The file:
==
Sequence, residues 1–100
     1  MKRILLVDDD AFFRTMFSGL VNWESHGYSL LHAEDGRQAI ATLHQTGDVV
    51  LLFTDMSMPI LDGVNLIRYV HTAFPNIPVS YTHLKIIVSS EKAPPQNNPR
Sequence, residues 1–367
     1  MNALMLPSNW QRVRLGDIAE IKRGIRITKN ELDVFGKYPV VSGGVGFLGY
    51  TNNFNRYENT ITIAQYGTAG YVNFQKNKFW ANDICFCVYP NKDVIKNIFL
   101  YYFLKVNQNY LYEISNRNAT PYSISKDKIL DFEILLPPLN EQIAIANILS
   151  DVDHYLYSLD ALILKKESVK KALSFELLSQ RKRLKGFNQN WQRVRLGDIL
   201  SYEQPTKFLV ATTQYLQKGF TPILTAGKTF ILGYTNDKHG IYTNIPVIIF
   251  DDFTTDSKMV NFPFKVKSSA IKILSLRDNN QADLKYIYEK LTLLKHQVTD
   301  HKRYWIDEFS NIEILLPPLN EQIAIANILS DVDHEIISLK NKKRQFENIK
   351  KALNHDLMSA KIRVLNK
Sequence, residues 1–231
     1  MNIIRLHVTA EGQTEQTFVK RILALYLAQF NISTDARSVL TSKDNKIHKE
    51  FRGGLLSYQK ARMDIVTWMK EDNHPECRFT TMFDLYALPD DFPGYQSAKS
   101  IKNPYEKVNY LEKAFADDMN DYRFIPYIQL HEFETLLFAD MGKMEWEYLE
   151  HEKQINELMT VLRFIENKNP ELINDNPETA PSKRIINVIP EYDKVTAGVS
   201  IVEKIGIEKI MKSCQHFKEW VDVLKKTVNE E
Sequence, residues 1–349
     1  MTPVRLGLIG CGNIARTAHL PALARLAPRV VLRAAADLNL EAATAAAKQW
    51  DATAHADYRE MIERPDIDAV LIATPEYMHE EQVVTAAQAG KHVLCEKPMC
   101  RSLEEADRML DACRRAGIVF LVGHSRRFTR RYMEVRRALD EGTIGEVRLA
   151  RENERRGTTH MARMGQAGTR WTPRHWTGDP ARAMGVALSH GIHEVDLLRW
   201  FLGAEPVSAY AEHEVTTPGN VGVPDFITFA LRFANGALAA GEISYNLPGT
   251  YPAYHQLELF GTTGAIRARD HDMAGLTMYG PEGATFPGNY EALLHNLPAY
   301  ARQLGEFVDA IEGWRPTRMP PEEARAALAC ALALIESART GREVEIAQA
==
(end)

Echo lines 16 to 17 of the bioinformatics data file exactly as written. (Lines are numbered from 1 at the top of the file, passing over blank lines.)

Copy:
   101  IKNPYEKVNY LEKAFADDMN DYRFIPYIQL HEFETLLFAD MGKMEWEYLE
   151  HEKQINELMT VLRFIENKNP ELINDNPETA PSKRIINVIP EYDKVTAGVS